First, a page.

Élites e cultura

Élites e cultura

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Topic
chevron_rightAntiquity Studies

Language
it

ISBN (print)
978-88-6969-329-8

ISBN (ebook)
978-88-6969-328-1

ISSN Archeologia
chevron_right2610-8828

e-ISSN Archeologia
chevron_right2610-9344

Date of publication
06 Jul 2019

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Antichistica

Sulla via di Dioniso
Un «putto giacente» al Tesoro dei Granduchi in Palazzo Pitti

Alessandro Muscillo
Università Ca’ Foscari Venezia, Italia
alessandro.muscillo@unive.it

DOI 10.30687/978-88-6969-328-1/006

Submitted 27 Feb 2016
Accepted 27 Apr 2016

Abstract

The aim of this paper is to propose a new placement for a little sculpture representing a lying winged child that is today in Florence, at the Tesoro dei Granduchi in Palazzo Pitti: ascribed until now to an unknown XVI-century sculptor, the artwork shows stylistic and iconographical elements that allow to suppose a roman origin and a possible dating to the Antonine age. The most curious detail, the forced position of the right wrist, unnaturally wheeled, finds until now just one known matching in an antique sleeping Cupid at the Musei Vaticani, and it is possible to consider some details of the sculpting method as typical of the II century AD. Otherwise, the depiction reveals a mixture of two iconographies, the ‘sleeping Cupid’ and the ‘bacchic child’ (putto bacchico), according to the eclectic practice attested in the late imperial age: the child’s posture is in fact similar to the ‘sleeping Cupid’ type, but the crown held in his left hand (and his heavy eyelids on the ajar eyes) helps to evoke the drunkenness induced by Dionysus, ideally connecting the image to the large tradition of representations of drunken bacchic children, attested here by sarcophagi and an ivory pyxis from Grumentum. Furthermore, the crown finds matches in depictions of deceased on the covers of the Klinentypus sarcophagi, showing dionysian attributes with an apparent connection to the otherwordly life. Given the analogue funerary destination of similar images of sleeping Cupids (surely attested, for example, by the setting of one of these on the cover of a sarcophagus in Copenhagen), it is therefore possible to suppose that the artwork was anciently pertinent to a similar context, as an allegorical portrayal of a deceased child or adult initiated to the mysteries of Dionysus.

Keywords
Roman sculpture. Sleeping Cupid. Bacchic child. Dionysus. Mysteries. Palazzo Pitti.


Creative Commons License This work is licensed under a Creative Commons Attribution 4.0 International License 

Table of contents
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Campo DC Valore

dc.contributor.author

Muscillo Alessandro

dc.title

Sulla via di Dioniso

dc.type

Book Chapter

dc.language.iso

it

dc.description.abstract

The aim of this paper is to propose a new placement for a little sculpture representing a lying winged child that is today in Florence, at the Tesoro dei Granduchi in Palazzo Pitti: ascribed until now to an unknown XVI-century sculptor, the artwork shows stylistic and iconographical elements that allow to suppose a roman origin and a possible dating to the Antonine age. The most curious detail, the forced position of the right wrist, unnaturally wheeled, finds until now just one known matching in an antique sleeping Cupid at the Musei Vaticani, and it is possible to consider some details of the sculpting method as typical of the II century AD. Otherwise, the depiction reveals a mixture of two iconographies, the ‘sleeping Cupid’ and the ‘bacchic child’ (putto bacchico), according to the eclectic practice attested in the late imperial age: the child’s posture is in fact similar to the ‘sleeping Cupid’ type, but the crown held in his left hand (and his heavy eyelids on the ajar eyes) helps to evoke the drunkenness induced by Dionysus, ideally connecting the image to the large tradition of representations of drunken bacchic children, attested here by sarcophagi and an ivory pyxis from Grumentum. Furthermore, the crown finds matches in depictions of deceased on the covers of the Klinentypus sarcophagi, showing dionysian attributes with an apparent connection to the otherwordly life. Given the analogue funerary destination of similar images of sleeping Cupids (surely attested, for example, by the setting of one of these on the cover of a sarcophagus in Copenhagen), it is therefore possible to suppose that the artwork was anciently pertinent to a similar context, as an allegorical portrayal of a deceased child or adult initiated to the mysteries of Dionysus.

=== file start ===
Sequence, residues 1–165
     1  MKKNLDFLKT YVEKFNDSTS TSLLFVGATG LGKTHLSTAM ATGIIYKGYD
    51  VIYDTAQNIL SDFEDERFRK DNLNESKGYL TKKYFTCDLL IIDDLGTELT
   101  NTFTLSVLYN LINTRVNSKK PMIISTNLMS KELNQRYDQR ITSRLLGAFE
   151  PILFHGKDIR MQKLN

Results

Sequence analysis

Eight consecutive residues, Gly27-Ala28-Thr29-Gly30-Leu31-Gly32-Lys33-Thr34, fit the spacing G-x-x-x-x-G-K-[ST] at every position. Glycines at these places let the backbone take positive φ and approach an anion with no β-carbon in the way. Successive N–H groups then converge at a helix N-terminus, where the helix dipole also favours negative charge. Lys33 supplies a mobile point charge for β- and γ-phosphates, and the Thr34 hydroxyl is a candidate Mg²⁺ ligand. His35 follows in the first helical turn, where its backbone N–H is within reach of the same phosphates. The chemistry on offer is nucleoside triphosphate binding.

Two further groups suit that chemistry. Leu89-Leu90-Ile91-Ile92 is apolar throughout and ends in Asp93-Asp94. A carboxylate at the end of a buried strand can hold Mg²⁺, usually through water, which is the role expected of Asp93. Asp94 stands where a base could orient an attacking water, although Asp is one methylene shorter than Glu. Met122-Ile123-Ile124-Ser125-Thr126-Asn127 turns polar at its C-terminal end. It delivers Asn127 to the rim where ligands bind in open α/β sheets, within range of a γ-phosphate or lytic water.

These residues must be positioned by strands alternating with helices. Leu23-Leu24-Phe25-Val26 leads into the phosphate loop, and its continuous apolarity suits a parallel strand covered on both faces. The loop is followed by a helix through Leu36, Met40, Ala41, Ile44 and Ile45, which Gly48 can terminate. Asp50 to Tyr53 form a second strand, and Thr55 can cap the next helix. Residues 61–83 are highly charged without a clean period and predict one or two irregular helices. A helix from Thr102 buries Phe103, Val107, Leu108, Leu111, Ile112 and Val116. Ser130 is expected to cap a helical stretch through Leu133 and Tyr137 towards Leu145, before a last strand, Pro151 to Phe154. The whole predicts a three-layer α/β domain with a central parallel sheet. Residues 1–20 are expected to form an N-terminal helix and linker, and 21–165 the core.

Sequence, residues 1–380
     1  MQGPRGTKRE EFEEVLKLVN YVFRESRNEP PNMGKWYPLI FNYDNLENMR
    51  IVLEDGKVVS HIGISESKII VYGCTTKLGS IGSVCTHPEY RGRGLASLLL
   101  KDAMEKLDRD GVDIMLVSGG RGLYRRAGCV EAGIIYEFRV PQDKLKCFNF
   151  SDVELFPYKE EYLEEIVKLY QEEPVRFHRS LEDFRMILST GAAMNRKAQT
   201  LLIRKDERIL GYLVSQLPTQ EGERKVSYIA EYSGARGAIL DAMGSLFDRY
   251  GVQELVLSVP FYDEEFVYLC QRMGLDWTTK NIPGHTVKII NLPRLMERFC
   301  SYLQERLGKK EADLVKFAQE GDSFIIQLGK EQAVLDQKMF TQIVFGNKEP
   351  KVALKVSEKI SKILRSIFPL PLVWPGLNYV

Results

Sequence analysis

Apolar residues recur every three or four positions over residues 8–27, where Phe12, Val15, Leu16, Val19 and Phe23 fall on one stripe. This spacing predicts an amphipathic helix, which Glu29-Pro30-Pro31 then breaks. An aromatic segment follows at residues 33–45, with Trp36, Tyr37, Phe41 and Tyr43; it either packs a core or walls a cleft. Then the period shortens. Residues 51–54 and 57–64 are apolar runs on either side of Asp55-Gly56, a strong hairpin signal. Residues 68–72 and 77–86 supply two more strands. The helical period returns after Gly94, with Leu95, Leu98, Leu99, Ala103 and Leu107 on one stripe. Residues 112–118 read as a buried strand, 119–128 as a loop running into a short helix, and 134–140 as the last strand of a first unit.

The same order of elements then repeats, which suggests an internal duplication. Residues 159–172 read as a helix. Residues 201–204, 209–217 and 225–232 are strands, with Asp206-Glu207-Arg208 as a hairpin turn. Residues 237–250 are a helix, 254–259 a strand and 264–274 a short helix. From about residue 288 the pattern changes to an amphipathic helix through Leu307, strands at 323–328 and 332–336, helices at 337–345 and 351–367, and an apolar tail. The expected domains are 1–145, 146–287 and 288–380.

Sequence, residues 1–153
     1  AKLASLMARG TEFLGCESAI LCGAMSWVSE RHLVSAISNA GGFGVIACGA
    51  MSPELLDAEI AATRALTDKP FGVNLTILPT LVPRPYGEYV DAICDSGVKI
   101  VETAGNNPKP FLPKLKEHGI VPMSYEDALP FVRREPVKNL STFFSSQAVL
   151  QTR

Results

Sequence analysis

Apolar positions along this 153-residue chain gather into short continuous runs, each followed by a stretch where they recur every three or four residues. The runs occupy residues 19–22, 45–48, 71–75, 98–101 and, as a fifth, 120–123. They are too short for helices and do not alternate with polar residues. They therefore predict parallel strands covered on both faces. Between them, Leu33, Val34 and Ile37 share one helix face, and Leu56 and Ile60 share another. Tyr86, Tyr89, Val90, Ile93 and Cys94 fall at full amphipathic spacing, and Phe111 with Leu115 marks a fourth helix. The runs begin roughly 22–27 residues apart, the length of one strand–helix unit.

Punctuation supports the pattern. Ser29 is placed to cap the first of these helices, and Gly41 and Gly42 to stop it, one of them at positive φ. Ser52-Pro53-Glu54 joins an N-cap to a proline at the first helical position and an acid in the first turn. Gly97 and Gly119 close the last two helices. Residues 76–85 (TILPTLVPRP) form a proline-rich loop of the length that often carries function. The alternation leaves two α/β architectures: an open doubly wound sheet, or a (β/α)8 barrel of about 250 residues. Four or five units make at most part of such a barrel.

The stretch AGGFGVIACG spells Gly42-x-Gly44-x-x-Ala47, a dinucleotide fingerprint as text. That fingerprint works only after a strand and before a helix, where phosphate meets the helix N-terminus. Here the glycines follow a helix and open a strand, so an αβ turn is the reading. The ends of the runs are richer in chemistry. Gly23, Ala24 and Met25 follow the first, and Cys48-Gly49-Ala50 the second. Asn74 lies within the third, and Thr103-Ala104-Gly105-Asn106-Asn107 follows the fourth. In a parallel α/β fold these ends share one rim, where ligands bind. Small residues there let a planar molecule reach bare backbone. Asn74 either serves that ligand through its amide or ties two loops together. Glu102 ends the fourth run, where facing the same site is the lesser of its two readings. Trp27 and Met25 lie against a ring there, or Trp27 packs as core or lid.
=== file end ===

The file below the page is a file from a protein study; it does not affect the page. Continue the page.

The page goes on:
dc.relation.ispartof

Antichistica

dc.relation.ispartof

Archeologia

dc.publisher

Edizioni Ca’ Foscari - Digital Publishing

dc.date.issued

2019-07-06

dc.dateAccepted

2016-02-27

dc.dateSubmitted

2016-04-27

dc.identifier.uri

http://doi.org/10.14277/978-88-6969-328-1/006

dc.identifier.issn

2610-8828

dc.identifier.eissn

2610-9344

dc.identifier.isbn

978-88-6969-329-8

dc.identifier.eisbn

978-88-6969-328-1

dc.rights

Creative Commons 4.0 Attribution alone

dc.rights.uri

http://creativecommons.org/licenses/by/4.0/

item.fulltext

with fulltext

item.grantfulltext

open

dc.subject

Roman sculpture

dc.subject

Sleeping Cupid

dc.subject

Bacchic child

dc.subject

Dionysus

dc.subject

Mysteries

dc.subject

Palazzo Pitti

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